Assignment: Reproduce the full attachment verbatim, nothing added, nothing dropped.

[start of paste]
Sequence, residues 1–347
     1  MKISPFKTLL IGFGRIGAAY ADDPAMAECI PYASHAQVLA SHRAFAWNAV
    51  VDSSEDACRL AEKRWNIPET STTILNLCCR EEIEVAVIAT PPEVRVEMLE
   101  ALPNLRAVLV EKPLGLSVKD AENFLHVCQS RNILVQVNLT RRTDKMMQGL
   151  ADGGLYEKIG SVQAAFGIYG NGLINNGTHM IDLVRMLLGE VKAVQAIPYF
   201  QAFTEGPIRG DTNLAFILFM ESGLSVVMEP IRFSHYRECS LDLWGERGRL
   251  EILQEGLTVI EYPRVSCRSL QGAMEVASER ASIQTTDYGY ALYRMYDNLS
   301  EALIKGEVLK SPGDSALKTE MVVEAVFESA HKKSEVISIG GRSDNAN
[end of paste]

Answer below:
Sequence, residues 1–347
     1  MKISPFKTLL IGFGRIGAAY ADDPAMAECI PYASHAQVLA SHRAFAWNAV
    51  VDSSEDACRL AEKRWNIPET STTILNLCCR EEIEVAVIAT PPEVRVEMLE
   101  ALPNLRAVLV EKPLGLSVKD AENFLHVCQS RNILVQVNLT RRTDKMMQGL
   151  ADGGLYEKIG SVQAAFGIYG NGLINNGTHM IDLVRMLLGE VKAVQAIPYF
   201  QAFTEGPIRG DTNLAFILFM ESGLSVVMEP IRFSHYRECS LDLWGERGRL
   251  EILQEGLTVI EYPRVSCRSL QGAMEVASER ASIQTTDYGY ALYRMYDNLS
   301  EALIKGEVLK SPGDSALKTE MVVEAVFESA HKKSEVISIG GRSDNAN